“Fade to Black” by Laurel Hightower 

Standing in the shower watching iridescent grains circle like starshine to the drain below, Mila wondered how much time she had left. It couldn’t be long, not at the rate she was losing them. She never saw the holes, the ones that must have been there, somewhere. That kind of mass exodus of cells would have to leave a void, but no matter which way she turned in front of the fogged mirror, she never saw where they were coming from.

It entranced her at first, the sight of those shining granules collecting at her feet, an incongruous nebula swirling around the tangle of hair she had yet to pull from the grate. She’d reached a hand down to touch them, test their shape and texture, when she saw that they were sluicing from her own skin. Puzzled, she’d stared, trying to recall if there had been glitter in anything the kids had been playing with, but then Justin called her name, asking how long she’d be. Exhaustion bent her shoulders and she plunged back into the constant sense of urgency that was her life.

She hadn’t thought about it again until the next time she was in the shower, a quick hose off after her workout to make sure the whole respite she’d been granted came in under an hour. It would have been nice to shampoo her hair, use the face wash her sister had bought her back at Christmas, but he’d already had that tone, and she knew how it would be if she exceeded her allotment.

Then the gleaming particles caught her gaze again, turning in slow circles around her, and time stopped. She lifted her arm to see more of the tiny bits coming loose, washing away, and then she saw it was happening all over her body. She stood and watched it, wondering when it would stop, but it didn’t, not until Dylan twisted at the knob of the bathroom door, nearly able to open it at just two years old. She turned off the water and tumbled back into the endless treadmill of duties. Any concern she felt for herself was soon obscured by the red rash that circled Dylan’s sensitive mouth. That, and the way Justin’s expression hardened when he denied leaving the boy’s face unwiped, letting the acidic ketchup inflame her son’s skin. She didn’t fight, but not because she was afraid of him. It was yet more exhaustion, the knowledge that to push things would mean sulking and arguments that centered on an almost unfathomable selfishness. It took more energy than she had, and so she dealt with it herself, applying cortisone to her boy’s sweet face and giving him a bright blue popsicle to ease the sting.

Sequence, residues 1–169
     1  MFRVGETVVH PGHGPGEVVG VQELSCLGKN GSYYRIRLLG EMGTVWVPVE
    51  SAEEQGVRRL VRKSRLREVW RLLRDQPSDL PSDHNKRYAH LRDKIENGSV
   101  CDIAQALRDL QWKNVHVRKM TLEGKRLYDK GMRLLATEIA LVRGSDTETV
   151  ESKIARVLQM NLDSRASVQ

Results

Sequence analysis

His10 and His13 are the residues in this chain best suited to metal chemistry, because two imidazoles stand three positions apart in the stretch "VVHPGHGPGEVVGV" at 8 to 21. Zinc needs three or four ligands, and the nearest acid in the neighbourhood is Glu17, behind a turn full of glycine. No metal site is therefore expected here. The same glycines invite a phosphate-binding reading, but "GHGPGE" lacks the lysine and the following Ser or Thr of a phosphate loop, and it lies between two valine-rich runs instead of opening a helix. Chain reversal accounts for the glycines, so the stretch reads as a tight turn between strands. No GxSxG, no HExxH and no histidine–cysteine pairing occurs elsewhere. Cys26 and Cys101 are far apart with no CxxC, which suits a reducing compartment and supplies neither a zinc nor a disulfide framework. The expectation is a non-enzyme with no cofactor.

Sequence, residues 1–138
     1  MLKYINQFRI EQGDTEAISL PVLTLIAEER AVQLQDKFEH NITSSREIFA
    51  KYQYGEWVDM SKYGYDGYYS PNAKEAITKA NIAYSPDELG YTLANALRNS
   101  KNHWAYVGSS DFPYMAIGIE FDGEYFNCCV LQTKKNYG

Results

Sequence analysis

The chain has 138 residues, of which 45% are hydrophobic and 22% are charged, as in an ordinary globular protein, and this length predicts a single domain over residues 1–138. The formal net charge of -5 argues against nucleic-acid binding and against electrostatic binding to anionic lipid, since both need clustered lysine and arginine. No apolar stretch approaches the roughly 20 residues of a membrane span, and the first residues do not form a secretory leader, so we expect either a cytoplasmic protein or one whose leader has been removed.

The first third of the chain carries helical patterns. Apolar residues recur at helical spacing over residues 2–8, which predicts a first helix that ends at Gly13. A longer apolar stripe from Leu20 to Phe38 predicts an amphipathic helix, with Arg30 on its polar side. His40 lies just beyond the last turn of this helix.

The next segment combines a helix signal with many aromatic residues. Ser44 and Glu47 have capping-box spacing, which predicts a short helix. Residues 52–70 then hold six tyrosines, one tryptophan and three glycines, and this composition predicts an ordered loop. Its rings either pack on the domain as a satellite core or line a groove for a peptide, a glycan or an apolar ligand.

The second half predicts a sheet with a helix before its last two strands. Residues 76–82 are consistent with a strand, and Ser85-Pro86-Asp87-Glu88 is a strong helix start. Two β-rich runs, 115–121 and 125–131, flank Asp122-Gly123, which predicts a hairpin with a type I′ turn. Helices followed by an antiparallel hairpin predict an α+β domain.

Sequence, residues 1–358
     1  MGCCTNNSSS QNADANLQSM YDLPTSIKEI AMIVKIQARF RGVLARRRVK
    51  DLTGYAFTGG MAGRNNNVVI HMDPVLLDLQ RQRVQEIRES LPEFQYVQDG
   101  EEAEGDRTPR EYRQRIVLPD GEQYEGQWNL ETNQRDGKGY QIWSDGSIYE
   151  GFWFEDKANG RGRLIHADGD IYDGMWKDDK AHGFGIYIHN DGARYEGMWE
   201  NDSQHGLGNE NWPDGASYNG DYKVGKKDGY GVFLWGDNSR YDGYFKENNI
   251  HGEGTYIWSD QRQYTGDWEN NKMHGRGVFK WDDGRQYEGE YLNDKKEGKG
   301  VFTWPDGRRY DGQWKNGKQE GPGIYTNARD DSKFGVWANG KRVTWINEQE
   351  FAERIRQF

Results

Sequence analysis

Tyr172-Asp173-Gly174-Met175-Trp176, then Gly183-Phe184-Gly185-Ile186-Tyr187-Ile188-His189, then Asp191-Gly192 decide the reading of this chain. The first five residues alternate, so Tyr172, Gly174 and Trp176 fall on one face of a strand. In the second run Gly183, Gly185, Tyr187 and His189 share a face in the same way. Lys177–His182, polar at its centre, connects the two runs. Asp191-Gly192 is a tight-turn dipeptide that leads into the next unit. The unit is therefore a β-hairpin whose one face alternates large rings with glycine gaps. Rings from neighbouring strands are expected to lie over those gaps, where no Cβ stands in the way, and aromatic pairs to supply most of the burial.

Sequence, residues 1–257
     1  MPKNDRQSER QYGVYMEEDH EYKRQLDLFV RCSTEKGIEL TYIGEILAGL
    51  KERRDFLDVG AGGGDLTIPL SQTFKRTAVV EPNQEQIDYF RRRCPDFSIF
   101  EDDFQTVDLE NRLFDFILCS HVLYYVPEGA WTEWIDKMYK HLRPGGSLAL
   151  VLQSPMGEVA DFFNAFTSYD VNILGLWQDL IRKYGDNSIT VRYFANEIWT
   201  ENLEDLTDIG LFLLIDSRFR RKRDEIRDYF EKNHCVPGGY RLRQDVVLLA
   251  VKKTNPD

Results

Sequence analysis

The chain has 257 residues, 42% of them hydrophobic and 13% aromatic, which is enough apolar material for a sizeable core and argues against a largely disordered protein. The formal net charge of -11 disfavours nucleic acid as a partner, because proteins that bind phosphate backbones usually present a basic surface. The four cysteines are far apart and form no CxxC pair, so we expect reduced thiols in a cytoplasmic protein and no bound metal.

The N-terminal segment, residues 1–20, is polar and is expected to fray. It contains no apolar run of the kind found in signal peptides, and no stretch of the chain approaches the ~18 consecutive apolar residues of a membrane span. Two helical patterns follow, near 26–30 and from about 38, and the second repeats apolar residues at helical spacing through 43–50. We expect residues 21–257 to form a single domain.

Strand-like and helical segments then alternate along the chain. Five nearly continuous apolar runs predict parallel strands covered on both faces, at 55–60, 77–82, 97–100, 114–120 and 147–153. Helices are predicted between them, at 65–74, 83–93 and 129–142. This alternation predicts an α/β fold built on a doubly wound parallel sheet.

It became a thing, after that, the glowing specks breaking free from her body to be sucked down into an unforgiving drain that didn’t deserve them. It was odd, but not worrisome, and watching the process, the beauty that became her own personal aurora, was the only time she truly relaxed. Only when she was mesmerized by the light that left her body could she forget her timelines, the endless need to be doing. The buzzing rush she felt under her skin each time she was still. Hell, the last time she’d had a spa pedicure, she hadn’t unclenched the whole time, her mind running endlessly through everything she needed to do when she was done, ready to spring from the massage chair the second the tech was finished.

She’d noticed feeling rundown a bit, more foggy than usual, but only just. Though the children themselves were their own reward, she hadn’t felt truly rested since before her induction with Anna five years ago. Their entwined lives were a constant reminder of why they were worth it. Each time her gaze fell on them, or she thought of them while she was at work, rushing through yet more harried deadlines, her lips would curl in an involuntary smile, her eyes softening. And part of the way things were was her fault—she often chose the path of least resistance, which meant doing things herself. She knew she needed to assert herself more, draw lines in the sand, demand help where it wasn’t given freely. The dividends rarely paid off, though. She could spend six cumulative hours arguing her right to be treated like a human, and it might net her one hour of peace. It didn’t seem worth it, but she knew that was on her. So she took her peace where she could find it, in meditation upon the parts of herself that washed away, not worrying about where they went, or what they used to be.

Mila wasn’t truly worried until she could no longer touch her own reflection. It was rare that she even glanced in the mirror while she was naked. She didn’t hate her body, nothing so dramatic as that, but she preferred not to focus on the extra padding on her hips, her thick and jiggly torso. She’d wait until she was fully clothed before making eye contact with herself, but that was before she lost the chance.